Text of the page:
A cavity is a very small hole that forms on the surface of a tooth. Cavities are caused when sugars in the food we eat and bacteria in our mouths mix together, producing a mild acid that eats away at outer layer of our teeth (called enamel).
Cavities are more common during childhood, but adults can get them too. Adults tend to get two kinds of cavities:
- Cavities that form around a filling, or “recurrent” cavities. Fillings are not as smooth as natural teeth. Tiny bits of food and germs (bacteria) can get caught at the edge of a filling. This can cause a cavity to form again on the tooth around the filling. Also, when a filling breaks, the part of the tooth that is no longer covered is more likely to get a cavity.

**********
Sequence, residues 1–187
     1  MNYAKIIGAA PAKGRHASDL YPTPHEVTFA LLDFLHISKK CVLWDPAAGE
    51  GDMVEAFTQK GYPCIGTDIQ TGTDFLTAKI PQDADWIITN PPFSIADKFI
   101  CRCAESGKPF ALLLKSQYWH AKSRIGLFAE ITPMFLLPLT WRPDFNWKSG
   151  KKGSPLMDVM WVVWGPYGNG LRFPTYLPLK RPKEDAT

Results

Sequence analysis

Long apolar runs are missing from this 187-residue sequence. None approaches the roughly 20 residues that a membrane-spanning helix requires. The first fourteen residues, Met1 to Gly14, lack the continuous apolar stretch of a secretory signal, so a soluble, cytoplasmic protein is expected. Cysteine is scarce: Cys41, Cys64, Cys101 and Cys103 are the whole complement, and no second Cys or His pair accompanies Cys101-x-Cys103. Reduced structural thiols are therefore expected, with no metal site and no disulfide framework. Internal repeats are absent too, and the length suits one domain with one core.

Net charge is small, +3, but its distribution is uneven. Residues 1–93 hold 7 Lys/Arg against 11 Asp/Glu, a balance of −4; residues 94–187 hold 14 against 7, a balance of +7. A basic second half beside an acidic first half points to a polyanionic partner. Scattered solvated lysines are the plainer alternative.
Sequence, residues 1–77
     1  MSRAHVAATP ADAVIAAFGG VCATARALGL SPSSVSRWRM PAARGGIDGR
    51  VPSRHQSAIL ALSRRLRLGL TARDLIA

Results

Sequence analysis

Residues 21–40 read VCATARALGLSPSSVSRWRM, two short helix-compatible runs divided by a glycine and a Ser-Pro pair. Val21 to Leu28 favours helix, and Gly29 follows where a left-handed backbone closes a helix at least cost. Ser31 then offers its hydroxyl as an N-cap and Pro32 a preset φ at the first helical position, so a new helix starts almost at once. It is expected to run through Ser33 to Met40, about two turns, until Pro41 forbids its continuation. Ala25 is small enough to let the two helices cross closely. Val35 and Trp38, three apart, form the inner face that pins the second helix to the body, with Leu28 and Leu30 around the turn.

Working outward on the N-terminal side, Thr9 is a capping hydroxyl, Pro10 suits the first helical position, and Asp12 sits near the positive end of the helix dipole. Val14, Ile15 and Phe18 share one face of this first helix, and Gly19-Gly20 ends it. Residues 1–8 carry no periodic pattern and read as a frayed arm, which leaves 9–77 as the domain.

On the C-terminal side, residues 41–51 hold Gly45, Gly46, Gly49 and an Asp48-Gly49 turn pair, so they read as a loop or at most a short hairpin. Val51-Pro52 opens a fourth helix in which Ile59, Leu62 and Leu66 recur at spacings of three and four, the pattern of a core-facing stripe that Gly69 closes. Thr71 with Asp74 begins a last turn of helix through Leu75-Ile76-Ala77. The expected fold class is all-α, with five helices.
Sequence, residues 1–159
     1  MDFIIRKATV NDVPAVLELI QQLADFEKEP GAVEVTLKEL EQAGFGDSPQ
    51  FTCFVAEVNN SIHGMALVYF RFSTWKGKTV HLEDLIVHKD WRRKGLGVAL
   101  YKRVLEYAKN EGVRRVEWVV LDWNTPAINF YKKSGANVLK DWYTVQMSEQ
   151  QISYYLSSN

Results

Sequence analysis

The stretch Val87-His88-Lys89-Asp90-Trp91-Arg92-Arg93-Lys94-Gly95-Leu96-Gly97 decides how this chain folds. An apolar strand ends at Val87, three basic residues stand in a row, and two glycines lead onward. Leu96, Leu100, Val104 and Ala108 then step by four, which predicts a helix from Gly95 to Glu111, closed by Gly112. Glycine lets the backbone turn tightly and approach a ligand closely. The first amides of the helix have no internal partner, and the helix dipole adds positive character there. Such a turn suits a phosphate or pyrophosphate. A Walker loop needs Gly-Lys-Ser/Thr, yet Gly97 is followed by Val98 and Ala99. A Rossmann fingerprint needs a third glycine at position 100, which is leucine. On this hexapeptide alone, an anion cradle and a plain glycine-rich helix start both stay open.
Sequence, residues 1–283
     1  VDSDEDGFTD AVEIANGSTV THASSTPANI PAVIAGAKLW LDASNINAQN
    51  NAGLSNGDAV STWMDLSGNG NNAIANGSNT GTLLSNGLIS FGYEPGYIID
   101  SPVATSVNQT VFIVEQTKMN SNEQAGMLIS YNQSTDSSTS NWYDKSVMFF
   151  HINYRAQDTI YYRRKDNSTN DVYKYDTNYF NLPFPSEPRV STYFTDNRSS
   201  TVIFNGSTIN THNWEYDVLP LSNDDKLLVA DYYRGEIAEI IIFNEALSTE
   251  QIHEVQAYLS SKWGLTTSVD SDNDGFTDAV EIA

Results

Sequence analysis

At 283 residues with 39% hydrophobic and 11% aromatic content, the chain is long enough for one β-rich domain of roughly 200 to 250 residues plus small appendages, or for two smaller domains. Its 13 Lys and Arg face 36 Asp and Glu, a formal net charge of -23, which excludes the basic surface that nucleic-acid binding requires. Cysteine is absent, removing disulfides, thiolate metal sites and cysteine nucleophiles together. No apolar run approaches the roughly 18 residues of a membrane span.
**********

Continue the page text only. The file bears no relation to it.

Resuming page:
- Cavities that form on the roots of the teeth, or “root” cavities. Years of brushing your teeth too hard can make your gums recede, or pull away from your teeth. Getting older can also make gums recede. When your gums pull away from your teeth, the roots of the teeth are out in the open. Roots do not have a hard, outer layer (enamel) to protect them, so they are more likely to get cavities.
When you go for a dental exam, your dentist checks your fillings and may suggest that you replace any loose or broken ones. Your dentist also checks for signs of decay, such as brown or black spots.
Your dentist may want to use X-rays to take a closer look at problem spots. If you have a cavity, your dentist may keep an eye on it (if it’s small), or want to fill it right away. If a large cavity is not filled, it can get bigger and cause pain. The tooth may even have to be removed and replaced with a false (or artificial) tooth.